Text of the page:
The prospect of converting the nation's trucking fleet from diesel to battery-electric power in order to meet carbon emissions reduction goals presents several major challenges, according to newly released research.
The American Transportation Research Institute today released a new report that assesses the infrastructure requirements for converting the U.S. vehicle fleet to battery electric.
- Domestic long-haul trucking would use more than 10% of the electricity generated in the country today, while an all-electric U.S. vehicle fleet would use more than 40 percent
- Tens of millions of tons of cobalt, graphite, lithium, and nickel will be needed to replace the existing U.S. vehicle fleet with battery electric vehicles, placing high demand on raw materials
- Current technology will necessitate more chargers than there are truck parking spaces in the U.S., with hardware and installation costs of $112,000 per unit, or more than $35 billion system-wide
“Carbon-emissions reduction is clearly a top priority of the U.S. trucking industry, and feasible alternatives to internal combustion engines must be identified,” said Srikanth Padmanabhan, president of Engine Business, Cummins Inc. “ATRI’s research demonstrates that vehicle electrification in the U.S. will be a daunting task that goes well beyond the trucking industry – utilities, truck parking facilities, and the vehicle production supply chain are critical to addressing the challenges identified in this research. Thus, the market will require a variety of decarbonization solutions and other powertrain technologies alongside battery electric.”
The Biden Administration has made reducing carbon emissions a top priority in its battle against climate change. It has called for half of all new vehicles to be battery-powered by the end of this decade.
The ATRI study found that full electrification of the U.S. commercial vehicle fleet would require a large percentage of the country’s present electricity generation. Some individual states would need to generate as much as 60 percent more electricity than is presently produced, according to the ATRI study.
ATRI concludes, "Large-scale infrastructure investment is a necessary precursor to electrification."
Production of battery electric vehicles also has considerable environmental and social impacts. Mining and processing produce considerable CO2 and pollution issues, and the exploitation of laborers who work in mining operations is common in some source countries, according to ATRI's report.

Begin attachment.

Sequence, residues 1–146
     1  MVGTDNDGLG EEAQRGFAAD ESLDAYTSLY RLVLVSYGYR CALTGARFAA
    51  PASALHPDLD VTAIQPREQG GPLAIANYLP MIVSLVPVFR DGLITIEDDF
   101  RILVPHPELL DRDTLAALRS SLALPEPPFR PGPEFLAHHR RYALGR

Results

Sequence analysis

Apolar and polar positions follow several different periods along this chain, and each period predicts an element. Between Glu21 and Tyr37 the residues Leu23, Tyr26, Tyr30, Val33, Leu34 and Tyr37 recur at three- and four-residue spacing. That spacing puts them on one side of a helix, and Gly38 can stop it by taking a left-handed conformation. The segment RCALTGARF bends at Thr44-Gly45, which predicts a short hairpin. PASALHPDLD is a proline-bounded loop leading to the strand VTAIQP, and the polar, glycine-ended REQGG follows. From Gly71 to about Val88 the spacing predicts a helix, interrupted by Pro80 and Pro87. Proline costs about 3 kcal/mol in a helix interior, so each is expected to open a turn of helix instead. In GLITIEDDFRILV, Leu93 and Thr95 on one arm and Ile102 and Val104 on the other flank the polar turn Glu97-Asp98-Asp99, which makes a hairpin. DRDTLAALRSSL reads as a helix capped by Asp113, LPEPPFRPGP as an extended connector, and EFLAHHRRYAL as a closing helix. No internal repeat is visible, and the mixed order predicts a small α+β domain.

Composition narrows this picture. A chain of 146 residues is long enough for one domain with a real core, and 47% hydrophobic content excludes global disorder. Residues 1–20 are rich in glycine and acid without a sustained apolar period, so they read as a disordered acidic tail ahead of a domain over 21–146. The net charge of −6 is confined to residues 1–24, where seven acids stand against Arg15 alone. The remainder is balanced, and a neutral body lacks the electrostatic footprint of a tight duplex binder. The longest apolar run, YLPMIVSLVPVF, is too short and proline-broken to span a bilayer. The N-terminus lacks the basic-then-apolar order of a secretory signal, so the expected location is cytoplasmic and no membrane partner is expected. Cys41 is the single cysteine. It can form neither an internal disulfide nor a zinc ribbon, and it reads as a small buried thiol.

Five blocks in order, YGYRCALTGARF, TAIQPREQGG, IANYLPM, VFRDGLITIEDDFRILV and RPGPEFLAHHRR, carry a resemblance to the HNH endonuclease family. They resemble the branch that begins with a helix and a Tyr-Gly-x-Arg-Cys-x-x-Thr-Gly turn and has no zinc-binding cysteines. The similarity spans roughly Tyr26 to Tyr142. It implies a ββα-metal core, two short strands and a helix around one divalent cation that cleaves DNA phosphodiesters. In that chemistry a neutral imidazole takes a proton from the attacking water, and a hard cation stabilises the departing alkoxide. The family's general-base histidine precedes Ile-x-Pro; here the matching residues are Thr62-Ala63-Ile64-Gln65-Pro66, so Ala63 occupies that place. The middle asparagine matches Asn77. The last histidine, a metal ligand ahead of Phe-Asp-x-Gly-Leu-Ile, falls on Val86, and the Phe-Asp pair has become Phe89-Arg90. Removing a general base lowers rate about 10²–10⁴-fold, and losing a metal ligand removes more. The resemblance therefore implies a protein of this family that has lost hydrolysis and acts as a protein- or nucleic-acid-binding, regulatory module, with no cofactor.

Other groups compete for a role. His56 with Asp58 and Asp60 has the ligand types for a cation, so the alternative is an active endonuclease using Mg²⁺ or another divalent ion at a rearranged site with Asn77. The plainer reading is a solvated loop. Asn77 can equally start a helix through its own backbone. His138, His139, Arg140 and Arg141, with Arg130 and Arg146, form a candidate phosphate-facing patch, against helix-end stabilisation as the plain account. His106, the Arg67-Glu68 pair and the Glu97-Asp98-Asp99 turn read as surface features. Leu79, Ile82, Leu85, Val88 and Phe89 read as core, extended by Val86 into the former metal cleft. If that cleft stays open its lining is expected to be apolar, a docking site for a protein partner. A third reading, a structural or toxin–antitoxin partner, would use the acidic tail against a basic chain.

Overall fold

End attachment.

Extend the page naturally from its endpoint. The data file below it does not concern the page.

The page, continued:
ATRI’s analysis also found a major increase in demand for the raw materials mined for battery production. Tens of millions of tons of cobalt, graphite, lithium, and nickel will be needed to replace the existing U.S. vehicle fleet, placing high demand on raw materials, ATRI found. Depending on the material, electrification of the U.S. vehicle fleet would require 6.3 to 34.9 years of current global production. This is the equivalent of 8.4 to 64.4% of global reserves for just the U.S. vehicle fleet.
ATRI concludes, "Existing raw material mining for BEV batteries will likely need to be re-sourced with an emphasis on domestic mining and production."
Finally, it was found that charging the nation’s long-haul truck fleet will prove challenging, partially due to the ongoing truck parking crisis. Current technology will necessitate more chargers than there are truck parking spaces in the U.S., with hardware and installation costs of $112,000 per unit, or more than $35 billion system-wide.
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The new report calls truck charging availability the Truck Parking Crisis 2.0. That's because, according to ATRI, regardless of advances in battery capacity or charge rates, BEV charging will be limited by HOS and parking availability. Other barriers include laws preventing commercial charging at public rest areas and the remoteness of many truck parking locations. To understand the truck parking challenges, ATRI said it quantified the truck charging needs at a single rural rest area, which would require enough daily electricity to power more than 5,000 U.S. households.
ARTI concludes, "A completely new charging infrastructure is critical to increasing BEV truck adoption by the trucking industry."
The new research adds major advances in battery technology are key to solving what it calls "BEV Truck Conundrum: battery weight increases price and range, and decreases available cargo weight."
A copy of the full report is available through ATRI's website here